Worst with this bracket were MoneyGram and NatWest, which goes toward show why you shouldn’t automatically use famous names. For £200, NatWest would give us only $229.31, in contrast to $260.94 from TransferWise.
Best for mid-size sums When transferring £2,000, the Currency Account (for euros) and TransferWise (dollars) were best. The Currency Account is a relatively new and small company, formed in 2014, and it is authorised through the FCA. It describes itself as a “hybrid” peer-to-peer plus direct market access company.
Best for large sums We checked rates on moving £150,000, a sum where you would be seriously upset if something went wrong. Again, the Currency Account came top for euros, though there is almost no between it and the other brokers. HiFX came top in the bracket for dollars. HiFX was established in 1998 and is amongst the largest brokers, having transferred around £100bn ever since then.
Currency brokers There are numerous currency brokers or money transfer specialists. Some examples are MoneyCorp, Currencies Direct, CaxtonFX, TorFX, HiFX, UKForex, FairFX, Azimo and Xendpay. They pretty much all advertise “bank beating” rates, but just how will they compare against one another?
A handful of currency comparison sites can be found, nonetheless they won’t necessarily find the best deal. If you’re looking for the most bang for your buck you would be better off planning to individual companies, getting a quote and asking how long the transfer is going to take. When you see a firm offering a good deal, take a look at its reputation by using FXCompared, TrustPilot or even a general Google search.
Established firms are often, but not always, by far the most reliable. Some smaller brokers and “disruptive” web platforms temporarily stopped trading through the EU referendum aftermath.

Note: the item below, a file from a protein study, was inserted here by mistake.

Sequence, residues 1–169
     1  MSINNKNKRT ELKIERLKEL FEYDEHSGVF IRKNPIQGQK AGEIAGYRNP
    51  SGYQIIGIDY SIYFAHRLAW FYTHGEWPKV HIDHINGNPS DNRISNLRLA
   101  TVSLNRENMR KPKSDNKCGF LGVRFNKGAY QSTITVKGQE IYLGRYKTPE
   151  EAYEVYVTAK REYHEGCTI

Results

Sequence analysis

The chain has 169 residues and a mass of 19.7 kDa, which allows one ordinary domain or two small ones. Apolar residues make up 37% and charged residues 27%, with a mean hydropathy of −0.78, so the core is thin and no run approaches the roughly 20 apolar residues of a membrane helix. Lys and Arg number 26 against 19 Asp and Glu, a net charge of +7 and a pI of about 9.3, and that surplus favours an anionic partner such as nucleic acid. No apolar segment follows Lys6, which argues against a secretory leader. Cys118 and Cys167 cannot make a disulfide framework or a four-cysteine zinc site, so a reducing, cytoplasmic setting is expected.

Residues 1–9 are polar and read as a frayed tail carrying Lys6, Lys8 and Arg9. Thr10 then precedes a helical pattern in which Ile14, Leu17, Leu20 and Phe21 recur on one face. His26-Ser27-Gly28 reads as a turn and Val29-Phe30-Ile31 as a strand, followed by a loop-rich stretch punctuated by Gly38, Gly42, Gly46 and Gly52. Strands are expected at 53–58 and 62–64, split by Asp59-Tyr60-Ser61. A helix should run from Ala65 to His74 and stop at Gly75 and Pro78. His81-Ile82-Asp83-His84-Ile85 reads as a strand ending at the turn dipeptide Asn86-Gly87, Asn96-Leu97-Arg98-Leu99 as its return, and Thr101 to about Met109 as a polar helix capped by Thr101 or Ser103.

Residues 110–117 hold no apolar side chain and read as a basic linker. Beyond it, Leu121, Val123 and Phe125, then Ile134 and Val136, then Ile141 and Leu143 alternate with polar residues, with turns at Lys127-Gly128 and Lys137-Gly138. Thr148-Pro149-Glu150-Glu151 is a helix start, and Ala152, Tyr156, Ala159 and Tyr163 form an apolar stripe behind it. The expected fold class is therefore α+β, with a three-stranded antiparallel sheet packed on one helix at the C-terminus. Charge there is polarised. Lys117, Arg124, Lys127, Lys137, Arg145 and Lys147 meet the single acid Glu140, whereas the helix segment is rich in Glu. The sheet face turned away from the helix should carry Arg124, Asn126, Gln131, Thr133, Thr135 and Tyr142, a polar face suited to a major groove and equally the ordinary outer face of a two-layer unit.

Peer-to-peer services TransferWise is among one of a new type of peer-to-peer operators which remove the banks and brokers by offering an online meeting spot for people seeking to buy each other’s currencies. You don’t send your hard earned money directly, rather to the foreign currency exchange firm which in turn passes it on.
“Our exchanges derive from free or extremely low-cost local checking account transfers. We don’t send money overseas, so can reduce the crazy fees that banks charge consumers,” says Taavet Hinrikus, co-founder of TransferWise.
Another peer-to-peer platform, CurrencyFair, works in the similar way, even though exchange rates are positioned by its users. In the event that there are actually no customers providing a significant rate for the exchange, CurrencyFair will part in and match with you. The web page claims customers typically pay .35% in the amount exchanged as well as a fixed €3 transfer fee.
If you want to pay in cash or transfer money quickly, Western Union and MoneyGram have branches around the high street – but their services are certainly not cheap and just ideal for a small amount. Even though companies themselves are legitimate, they are often employed by scammers, so be skeptical of strangers asking for payment this way.
PayPal will make it simple to send money overseas, but was the highest priced option in half the Guardian calculations. It whacks on a hefty conversion fee if you wish to pay someone in another currency.
This post was amended on 22 August to take care of the season in which the Currency Account was create. It must have said 2014, not 2011.